Tuesday, May 25, 2010

wishing for Scotland; or, rainy days will always make me think of you

On rainy days when my hair is wet and my sweater is damp I crave Scotland. I want to have tea and scones(okay and sticky toffee pudding!). I want to walk for miles and miles and tour castles. I want to go to bed at night exhausted from having climbed hillsides, followed paths around the many lochs, and having run through rain soaked fields. I want to search for sea monsters and drink whiskey. I want to duck my head as I am led through the low doorway into my new favorite pub listening to lilting voices that sound nothing like mine. I want to lie in a hotel room in Edinburgh and listen to the rain on my window.

I have been to Scotland twice for a total of 11 days. The first trip was nearly 8 years ago and was lovely. A friend and I took a Haggis tour to the Highlands--which I highly recommend. The second was last summer and I was on my own.  I cannot be sure, but I think it rained every day at least once. In my memory it is always raining in Scotland. This last trip, I stayed in Edinburgh mostly, but for a short daytrip through the countryside and a night's stopover at a new friend's. I love both trips equally, but for entirely different reasons. The first trip I love because one never forgets their first, and because the wildness of the Highlands will never leave me. But the second, well, the second I will always love because of a boy.

His name was Ben. I can't remember the last, and frankly I had forgotten his first until a friend had reminded me. He was a security guard at the castle and I met him while asking directions. I don't even know what I was looking for. But, what liked what I found. He was tall, blonde, wild curly hair, blue eyes, and the strongest Scottish lilt I'd heard. For the first two days I had to lean in close to catch words. I had to ask him to repeat things. That can be awkward while wooing. We hit it off immediately. He said he was a writer. He said he had been accepted into an MFA program in New York city, but for various reasons could not go. So, he was working and waiting. I often meet men while travelling, it is easy, clean, no strings. I am fantastic at walking away, so the touring love affair is natural to me. Being such a veteran of the vacation romance I was skeptical of his story. Sure, sure, what better courtship tactic than to tell the American English Professor that you are an aspiring writer. With those hands on her body and that voice in her ear she will believe anything you say. True or not, it was enough for me, I thought it was the best of stories, and a story was really all I needed.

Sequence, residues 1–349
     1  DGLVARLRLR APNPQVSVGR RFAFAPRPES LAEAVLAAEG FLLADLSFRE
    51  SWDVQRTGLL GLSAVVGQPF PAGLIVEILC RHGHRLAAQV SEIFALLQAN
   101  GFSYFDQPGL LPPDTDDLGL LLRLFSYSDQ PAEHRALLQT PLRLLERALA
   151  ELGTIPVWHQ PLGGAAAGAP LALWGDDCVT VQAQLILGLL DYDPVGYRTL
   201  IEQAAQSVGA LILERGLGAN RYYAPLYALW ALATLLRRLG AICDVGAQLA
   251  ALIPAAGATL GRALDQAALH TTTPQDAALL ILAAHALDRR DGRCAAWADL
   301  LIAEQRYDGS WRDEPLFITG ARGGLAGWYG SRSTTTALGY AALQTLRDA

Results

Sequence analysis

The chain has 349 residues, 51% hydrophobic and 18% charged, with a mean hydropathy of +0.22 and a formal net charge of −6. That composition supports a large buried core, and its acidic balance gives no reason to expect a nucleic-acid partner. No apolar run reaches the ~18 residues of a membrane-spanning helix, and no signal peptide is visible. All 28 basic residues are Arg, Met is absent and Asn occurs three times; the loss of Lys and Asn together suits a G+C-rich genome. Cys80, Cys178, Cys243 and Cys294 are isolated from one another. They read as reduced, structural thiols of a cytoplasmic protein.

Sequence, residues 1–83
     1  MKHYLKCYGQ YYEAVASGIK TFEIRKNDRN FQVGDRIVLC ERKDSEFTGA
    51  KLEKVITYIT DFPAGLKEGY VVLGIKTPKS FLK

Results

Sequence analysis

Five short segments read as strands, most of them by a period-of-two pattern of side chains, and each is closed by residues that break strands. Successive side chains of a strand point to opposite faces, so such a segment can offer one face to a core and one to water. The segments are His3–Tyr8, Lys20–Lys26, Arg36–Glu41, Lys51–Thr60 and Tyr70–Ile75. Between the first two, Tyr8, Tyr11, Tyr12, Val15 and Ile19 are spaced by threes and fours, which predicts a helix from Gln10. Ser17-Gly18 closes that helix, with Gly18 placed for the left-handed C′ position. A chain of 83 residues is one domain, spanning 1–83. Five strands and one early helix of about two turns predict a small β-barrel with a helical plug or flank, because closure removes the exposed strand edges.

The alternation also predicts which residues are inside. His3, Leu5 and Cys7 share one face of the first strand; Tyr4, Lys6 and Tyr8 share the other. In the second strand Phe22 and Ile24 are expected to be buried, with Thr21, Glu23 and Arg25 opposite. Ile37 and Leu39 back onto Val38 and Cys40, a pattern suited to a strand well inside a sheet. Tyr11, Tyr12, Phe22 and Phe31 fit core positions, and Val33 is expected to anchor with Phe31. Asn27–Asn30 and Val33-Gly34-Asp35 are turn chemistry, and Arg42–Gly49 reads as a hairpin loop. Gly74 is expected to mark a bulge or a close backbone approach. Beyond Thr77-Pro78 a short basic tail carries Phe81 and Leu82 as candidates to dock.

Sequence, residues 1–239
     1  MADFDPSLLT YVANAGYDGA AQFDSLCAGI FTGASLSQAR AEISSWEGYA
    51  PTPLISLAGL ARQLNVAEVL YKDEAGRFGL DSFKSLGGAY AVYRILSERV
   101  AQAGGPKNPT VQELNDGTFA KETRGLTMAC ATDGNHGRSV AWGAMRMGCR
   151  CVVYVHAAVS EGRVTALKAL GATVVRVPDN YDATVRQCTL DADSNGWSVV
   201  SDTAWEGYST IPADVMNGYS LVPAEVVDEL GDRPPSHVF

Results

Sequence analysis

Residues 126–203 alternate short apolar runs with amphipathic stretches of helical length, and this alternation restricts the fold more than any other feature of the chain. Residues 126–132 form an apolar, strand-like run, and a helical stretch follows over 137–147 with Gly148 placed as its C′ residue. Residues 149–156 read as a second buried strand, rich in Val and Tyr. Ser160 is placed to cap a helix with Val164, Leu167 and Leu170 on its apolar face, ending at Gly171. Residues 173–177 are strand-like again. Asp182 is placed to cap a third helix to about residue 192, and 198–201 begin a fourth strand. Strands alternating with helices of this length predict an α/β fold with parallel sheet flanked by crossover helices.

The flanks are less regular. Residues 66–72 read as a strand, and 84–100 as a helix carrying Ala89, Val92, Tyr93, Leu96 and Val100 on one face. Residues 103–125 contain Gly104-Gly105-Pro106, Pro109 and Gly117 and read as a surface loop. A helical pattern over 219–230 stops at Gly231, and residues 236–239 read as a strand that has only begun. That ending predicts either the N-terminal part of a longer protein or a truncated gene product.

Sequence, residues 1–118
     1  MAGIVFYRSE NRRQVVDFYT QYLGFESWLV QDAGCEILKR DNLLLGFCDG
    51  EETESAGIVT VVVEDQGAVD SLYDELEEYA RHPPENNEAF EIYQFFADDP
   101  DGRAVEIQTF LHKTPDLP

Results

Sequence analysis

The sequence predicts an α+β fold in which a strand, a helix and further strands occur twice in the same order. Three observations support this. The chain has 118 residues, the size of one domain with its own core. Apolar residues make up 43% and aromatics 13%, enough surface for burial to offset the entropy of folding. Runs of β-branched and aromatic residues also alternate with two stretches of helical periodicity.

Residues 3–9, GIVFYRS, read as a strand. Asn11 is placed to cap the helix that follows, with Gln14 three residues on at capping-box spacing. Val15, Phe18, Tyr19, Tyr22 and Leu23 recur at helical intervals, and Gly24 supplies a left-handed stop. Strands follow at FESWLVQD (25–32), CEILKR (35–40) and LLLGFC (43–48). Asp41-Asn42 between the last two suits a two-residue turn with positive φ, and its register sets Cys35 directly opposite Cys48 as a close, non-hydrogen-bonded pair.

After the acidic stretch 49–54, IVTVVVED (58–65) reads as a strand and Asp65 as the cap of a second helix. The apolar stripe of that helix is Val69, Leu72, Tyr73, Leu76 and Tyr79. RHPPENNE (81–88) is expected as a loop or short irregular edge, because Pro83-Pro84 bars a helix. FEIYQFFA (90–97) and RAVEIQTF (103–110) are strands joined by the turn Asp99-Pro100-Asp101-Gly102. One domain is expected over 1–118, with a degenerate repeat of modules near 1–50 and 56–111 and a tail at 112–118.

It wasn't until I had returned to London that belived him. I found a note slipped into the pages of the novel I was reading.  I was sitting at an outdoor cafe with my friend when I found the note. I didn't remember seeing him writing and thought that he must have written it to me while I was in the shower, and put it into my book without me seeing. I can't remember what he said, not exactly, but I remember reading it aloud and my friend and I both sighing. Whatever it was it was enough to convince us that he is a writer. Or maybe a poet. A wordsmith at the least. She was upset with me that I was so sure it would lead nowhere. I remember sahying how I would miss this one. This boy. Now, here I am nearly a year later in America, in a house that is not a home. My hair is wet from the rain. My sweater is damp and smells faintly of wet sheep. As I knew that it would, the affair has faded. The note is lost. Most of that trip is forgotten. I had even forgotten his name, but what I hope to never forget was the sound of the rain on the window and a Scottish lilt whispering "Oh my kitty kat, rainy days will always make me think of you."


  1. Love this. You, K, are also a wordsmith.

  2. Thanks V. That is a kind thing to say. It is funny how influenced I am by the weather.